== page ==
Researchers in Korea have engineered a new patch that makes collecting sweat for biometric data more efficient. Inspired by the way cactus spines collect water, the patch could make daily blood draws a thing of the past for individuals managing diabetes. Developed at the Department of Chemical Engineering at POSTECH in Korea, this technology could also integrate with wearable devices to improve personal health tracking or remote patient monitoring.

The patch relies on Laplace pressure, a phenomenon created by the difference in pressure between the inside and outside of a curved surface. Cactus spines are cone-shaped; to harvest water in arid climates with little to no rainfall, the tip of the spine catches droplets of water from vapor in the air, such as fog or mist. Laplace pressure created by the spine’s conical structure then causes the droplet to travel to the base of the spine to hydrate the plant.  

To take advantage of this process, the researchers mimicked the structure of the cactus spine within a flat model suitable for a skin patch. This involves wedge-patterned collection channels arranged in a circle, like a child’s drawing of the sun. Tiny droplets of sweat collected at the tip move to the biosensor at the wider base of the wedge via Laplace pressure.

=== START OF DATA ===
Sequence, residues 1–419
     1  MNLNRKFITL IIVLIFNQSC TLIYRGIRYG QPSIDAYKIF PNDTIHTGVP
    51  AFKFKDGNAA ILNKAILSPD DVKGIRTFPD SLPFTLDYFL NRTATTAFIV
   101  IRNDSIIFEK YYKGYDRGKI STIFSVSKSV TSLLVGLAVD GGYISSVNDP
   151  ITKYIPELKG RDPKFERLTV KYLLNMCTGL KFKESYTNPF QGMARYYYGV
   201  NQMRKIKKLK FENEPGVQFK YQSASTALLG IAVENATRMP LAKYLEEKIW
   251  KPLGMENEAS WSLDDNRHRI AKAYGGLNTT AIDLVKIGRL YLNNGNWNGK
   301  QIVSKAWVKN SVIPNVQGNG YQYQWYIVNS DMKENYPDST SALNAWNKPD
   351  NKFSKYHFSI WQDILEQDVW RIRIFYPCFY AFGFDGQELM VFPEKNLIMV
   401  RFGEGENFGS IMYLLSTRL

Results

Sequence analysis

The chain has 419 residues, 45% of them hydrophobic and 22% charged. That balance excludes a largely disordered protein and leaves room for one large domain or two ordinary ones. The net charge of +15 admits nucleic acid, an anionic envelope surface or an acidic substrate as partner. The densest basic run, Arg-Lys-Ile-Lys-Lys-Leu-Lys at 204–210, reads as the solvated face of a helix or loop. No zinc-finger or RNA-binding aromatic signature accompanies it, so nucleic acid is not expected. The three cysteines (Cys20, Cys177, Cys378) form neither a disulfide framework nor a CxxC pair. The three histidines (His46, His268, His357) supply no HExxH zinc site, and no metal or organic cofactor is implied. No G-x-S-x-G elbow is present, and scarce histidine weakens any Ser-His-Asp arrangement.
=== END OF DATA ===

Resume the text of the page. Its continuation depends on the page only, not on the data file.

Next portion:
This collection process is fast and efficient, as the wedge-shape transports virtually all of the sweat collected into the sensing area, so none remains inside the collection channel. The research time published their findings in the journal Advanced Materials in August 2021.

Measuring biomarkers in sweat may be able to identify blood glucose levels, making wearable sweat-sensors an potential alternative for the painful finger pricks commonly used for diabetes monitoring. Sweat bioanalytes can also indicate the presence of inflammatory diseases and provide information about stress levels and other important health concerns. 

But so far, sweat collection has remained impractical for wearable monitoring because it requires a certain amount of movement to generate enough sweat to analyze. The new patch can quickly harvest minuscule sweat droplets without the need to induce extra perspiration, bringing continuous, reliable analysis of sweat closer to reality.